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Rigorous analysis finds that the drug modafinil significantly enhances cognition during complex tasks
What if you could pop a pill that made you smarter? It sounds like a Hollywood movie plot, but a new systematic review suggests that the decades-long search for a safe and effective “smart drug” [see box below] might have notched its first success. Researchers have found that modafinil boosts higher-order cognitive function without causing serious side effects. Modafinil, which has been prescribed in the U.S. since 1998 to treat sleep-related conditions such as narcolepsy and sleep apnea, heightens alertness much as caffeine does.
A number of studies have suggested that it could provide other cognitive benefits, but results were uneven. To clear up the confusion, researchers then at the University of Oxford analyzed 24 studies published between 1990 and 2014 that specifically looked at how modafinil affects cognition. In their review, which was published in 2015 in European Neuropsychopharmacology, they found that the methods used to evaluate modafinil strongly affected the outcomes. Research that looked at the drug’s effects on the performance of simple tasks—such as pressing a particular button after seeing a certain color—did not detect many benefits.
Yet studies that asked participants to do complex and difficult tasks after taking modafinil or a placebo found that those who took the drug were more accurate, which suggests that it may affect “higher cognitive functions—mainly executive functions but also attention and learning,” explains study co-author Ruairidh Battleday, now a medical doctor and Ph.D. student at the University of California, Berkeley.
But don’t run to the pharmacy just yet. Although many doctors very likely prescribe the drug off-label to help people concentrate—indeed, a 2018 study found that 22 percent of Americans had taken prescription brain-boosting drugs in the past year and that 4.1 percent had used modafinil—trials have not yet been done on modafinil’s long-term effectiveness or safety. Studies of the drug have been “carried out in a controlled scientific environment and usually only looked at the effects of a single dose,” explains neuropsychologist and review co-author Anna-Katharine Brem, then at Oxford—so no one yet knows whether it is safe for long-term use in healthy people. Nor is it known whether modafinil might lose its edge with repeated use, a phenomenon familiar to many coffee drinkers.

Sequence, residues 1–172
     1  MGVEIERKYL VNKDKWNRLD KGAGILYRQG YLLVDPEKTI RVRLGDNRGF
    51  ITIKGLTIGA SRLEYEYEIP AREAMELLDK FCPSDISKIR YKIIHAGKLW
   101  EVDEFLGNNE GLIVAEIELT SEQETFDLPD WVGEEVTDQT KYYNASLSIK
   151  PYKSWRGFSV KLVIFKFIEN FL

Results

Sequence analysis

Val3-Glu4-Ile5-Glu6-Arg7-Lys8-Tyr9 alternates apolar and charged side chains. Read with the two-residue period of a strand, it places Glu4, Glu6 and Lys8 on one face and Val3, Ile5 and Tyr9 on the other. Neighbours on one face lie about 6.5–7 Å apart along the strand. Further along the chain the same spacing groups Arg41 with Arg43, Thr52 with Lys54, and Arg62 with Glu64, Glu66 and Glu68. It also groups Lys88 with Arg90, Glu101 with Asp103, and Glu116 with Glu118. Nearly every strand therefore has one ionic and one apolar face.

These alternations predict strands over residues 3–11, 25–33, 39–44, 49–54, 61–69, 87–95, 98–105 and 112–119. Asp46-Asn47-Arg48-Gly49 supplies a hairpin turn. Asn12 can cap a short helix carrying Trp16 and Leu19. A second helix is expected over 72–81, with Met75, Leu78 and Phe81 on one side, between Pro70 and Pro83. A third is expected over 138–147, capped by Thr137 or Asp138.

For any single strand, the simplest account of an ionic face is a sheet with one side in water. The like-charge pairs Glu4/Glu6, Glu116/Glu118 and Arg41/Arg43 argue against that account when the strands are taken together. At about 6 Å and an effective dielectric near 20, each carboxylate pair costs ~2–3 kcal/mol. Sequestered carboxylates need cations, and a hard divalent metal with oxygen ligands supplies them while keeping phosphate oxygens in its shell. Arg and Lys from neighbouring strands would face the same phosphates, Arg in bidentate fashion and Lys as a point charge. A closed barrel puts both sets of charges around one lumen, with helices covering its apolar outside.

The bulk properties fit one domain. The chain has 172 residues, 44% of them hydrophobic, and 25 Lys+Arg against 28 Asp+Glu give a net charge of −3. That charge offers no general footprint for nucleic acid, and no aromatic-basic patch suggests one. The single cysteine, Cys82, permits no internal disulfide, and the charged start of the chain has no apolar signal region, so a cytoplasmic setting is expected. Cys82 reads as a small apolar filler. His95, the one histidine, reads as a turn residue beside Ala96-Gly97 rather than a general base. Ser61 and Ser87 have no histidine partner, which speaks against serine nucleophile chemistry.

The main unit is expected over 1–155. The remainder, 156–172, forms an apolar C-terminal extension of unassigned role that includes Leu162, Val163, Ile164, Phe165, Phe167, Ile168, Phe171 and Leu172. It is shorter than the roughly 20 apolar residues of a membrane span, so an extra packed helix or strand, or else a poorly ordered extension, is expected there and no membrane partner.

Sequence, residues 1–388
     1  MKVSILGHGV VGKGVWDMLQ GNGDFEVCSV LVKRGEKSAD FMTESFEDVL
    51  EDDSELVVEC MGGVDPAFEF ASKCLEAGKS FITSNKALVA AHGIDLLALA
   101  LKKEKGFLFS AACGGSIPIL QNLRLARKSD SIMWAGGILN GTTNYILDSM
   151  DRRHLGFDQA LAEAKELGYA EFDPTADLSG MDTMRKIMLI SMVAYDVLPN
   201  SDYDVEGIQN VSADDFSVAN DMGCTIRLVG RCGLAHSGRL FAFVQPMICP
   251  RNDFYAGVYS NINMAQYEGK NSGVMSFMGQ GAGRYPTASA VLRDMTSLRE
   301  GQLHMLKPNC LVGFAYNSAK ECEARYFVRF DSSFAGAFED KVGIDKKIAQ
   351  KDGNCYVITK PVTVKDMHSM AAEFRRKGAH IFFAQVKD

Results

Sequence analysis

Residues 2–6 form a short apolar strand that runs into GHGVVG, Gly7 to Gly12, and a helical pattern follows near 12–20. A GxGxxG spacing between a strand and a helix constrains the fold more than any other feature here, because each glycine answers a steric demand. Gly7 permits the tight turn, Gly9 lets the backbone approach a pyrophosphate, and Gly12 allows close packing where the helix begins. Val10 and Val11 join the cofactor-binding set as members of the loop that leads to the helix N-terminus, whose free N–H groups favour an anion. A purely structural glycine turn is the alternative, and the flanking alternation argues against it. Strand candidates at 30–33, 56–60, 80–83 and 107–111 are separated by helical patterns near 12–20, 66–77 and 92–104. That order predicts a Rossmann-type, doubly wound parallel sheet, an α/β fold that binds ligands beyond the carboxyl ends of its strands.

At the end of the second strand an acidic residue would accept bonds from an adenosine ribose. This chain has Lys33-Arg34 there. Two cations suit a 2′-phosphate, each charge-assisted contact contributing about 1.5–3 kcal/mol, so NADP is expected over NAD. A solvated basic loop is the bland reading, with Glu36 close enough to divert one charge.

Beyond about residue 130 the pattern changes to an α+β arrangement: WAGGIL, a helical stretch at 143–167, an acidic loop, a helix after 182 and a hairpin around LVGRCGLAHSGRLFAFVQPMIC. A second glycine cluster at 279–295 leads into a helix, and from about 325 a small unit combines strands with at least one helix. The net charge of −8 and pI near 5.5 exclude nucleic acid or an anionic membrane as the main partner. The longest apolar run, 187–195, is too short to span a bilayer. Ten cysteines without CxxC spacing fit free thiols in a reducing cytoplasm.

Side effects are another important consideration. Modafinil has been shown to cause insomnia, headache and stomachache in select users, and some research suggests it could be addictive. Although these kinds of problems may be worth enduring for a drug that treats an illness, “if you don’t have a medical condition, the risks versus benefits change dramatically,” says Sharon Morein-Zamir, a psychologist at the University of Cambridge, who studies ethical considerations associated with the use of cognition-enhancing drugs. “For some the benefits will likely outweigh risks, at least some of the time,” she says, whereas “for others this may not be the case.” A pill you take to ace an exam, for instance, won’t do you much good if it also causes a grueling stomachache.
As is the case with all medications, cognition-enhancing drugs affect different people in various ways. Setting aside the ethical questions about brain boosters, here is a look at groups who may deserve special consideration.
CHILDREN AND TEENS: Cognition-enhancing drugs could present unique risks to the developing brain. Several clinical trials found modafinil to be safe when given to children with attention-deficit/hyperactivity disorder (ADHD), but the trials lasted only a few months, making it difficult to ascertain the potential effects of long-term use. In a 2014 review article examining the biochemical effects of modafinil and other common “smart drugs,” researchers at the University of Delaware and Drexel University raised concerns that the use of these drugs could affect the developing brain’s ability to adapt to new situations and might increase the risk for addictive behaviors.